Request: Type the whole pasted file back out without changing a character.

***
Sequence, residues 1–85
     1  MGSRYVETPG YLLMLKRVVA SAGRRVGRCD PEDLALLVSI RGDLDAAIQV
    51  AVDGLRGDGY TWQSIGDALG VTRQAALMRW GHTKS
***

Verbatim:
Sequence, residues 1–85
     1  MGSRYVETPG YLLMLKRVVA SAGRRVGRCD PEDLALLVSI RGDLDAAIQV
    51  AVDGLRGDGY TWQSIGDALG VTRQAALMRW GHTKS